Coal-fired electricity investment threatens climate goals, warns OECD head
Angel Gurria, secretary general of the OECD, has called on governments to rethink the role of coal in energy supply, arguing the scale of investment being made in coal-fired electricity generation poses the “most urgent threat” to our climate.
While Gurria noted that coal might be cheaper than other energy sources he warned that governments are not factoring in long-term costs and impacts. The OECD also points out that if climate change targets are to be met many of the coal plants being built today may have to be shut down before the end of their economic lifetimes.
Speaking at a lecture hosted by the London School of Economics and Aviva Investors, Gurria said, “Coal is not cheap. Or at least, it is only cheaper if you ignore all the costs it imposes. It causes a number of environmental problems including significant land disturbance, contamination of water sources, air pollution, damage to ecosystems, and dust and noise pollution.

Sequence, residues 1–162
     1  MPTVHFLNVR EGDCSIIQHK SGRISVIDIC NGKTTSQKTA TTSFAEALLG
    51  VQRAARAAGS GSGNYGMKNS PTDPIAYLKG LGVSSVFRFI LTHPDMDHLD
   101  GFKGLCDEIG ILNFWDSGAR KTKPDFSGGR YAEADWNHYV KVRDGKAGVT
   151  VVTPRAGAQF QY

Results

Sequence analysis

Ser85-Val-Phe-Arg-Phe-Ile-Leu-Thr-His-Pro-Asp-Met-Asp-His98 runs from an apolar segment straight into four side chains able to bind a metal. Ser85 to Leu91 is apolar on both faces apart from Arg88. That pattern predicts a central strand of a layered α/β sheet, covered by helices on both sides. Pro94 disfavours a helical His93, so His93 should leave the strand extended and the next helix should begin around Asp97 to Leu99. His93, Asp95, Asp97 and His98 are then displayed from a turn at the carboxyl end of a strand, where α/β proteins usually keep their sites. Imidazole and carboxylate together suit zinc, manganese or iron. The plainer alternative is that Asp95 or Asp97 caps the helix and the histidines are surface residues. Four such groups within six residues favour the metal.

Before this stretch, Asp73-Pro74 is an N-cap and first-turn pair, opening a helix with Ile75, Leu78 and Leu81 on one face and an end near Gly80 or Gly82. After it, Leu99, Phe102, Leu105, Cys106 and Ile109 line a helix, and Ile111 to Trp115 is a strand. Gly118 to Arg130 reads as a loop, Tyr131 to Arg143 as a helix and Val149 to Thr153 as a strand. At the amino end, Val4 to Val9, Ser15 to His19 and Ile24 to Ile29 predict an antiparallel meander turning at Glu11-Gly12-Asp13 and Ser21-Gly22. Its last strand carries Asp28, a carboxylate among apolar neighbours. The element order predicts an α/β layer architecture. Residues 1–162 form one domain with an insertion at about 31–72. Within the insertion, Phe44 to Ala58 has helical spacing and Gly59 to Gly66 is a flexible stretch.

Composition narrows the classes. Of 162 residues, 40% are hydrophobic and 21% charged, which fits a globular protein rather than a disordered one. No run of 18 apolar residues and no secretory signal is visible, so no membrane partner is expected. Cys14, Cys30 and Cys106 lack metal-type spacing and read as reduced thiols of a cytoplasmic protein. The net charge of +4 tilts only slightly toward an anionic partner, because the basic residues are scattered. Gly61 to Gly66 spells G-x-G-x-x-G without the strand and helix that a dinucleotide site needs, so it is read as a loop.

“Governments need to be seriously sceptical about whether coal provides a good deal for their citizens.”
If low-carbon alternatives are not affordable for some developing countries Gurria called on donor countries to mobilise finance to close the financial gap.
OECD data shows that coal burnt for electricity doubled between 1990 and 2013. Without new mitigation measures, coal generation is projected to emit more than 500 billion tonnes of carbon dioxide between now and 2050, which would eat up around half of the remaining carbon budget consistent with limiting global warming to 2C.
During his speech Gurria also stated that countries’ contributions to emissions reductions post-2020 are not consistent with meeting the 2C target. The comments come ahead of the COP21 UN summit, where it is hoped an ambitious climate change treaty can be agreed. However, Gurria called on governments to go further in order to ensure success.
He commented, “The mitigation contributions currently tabled by countries do not get us to where we need to be by 2030. Calling something a process doesn’t guarantee an outcome. We have been in a process for over 20 years and so far the commitments simply don’t add up.”
Photo: oatsy40 via Flickr
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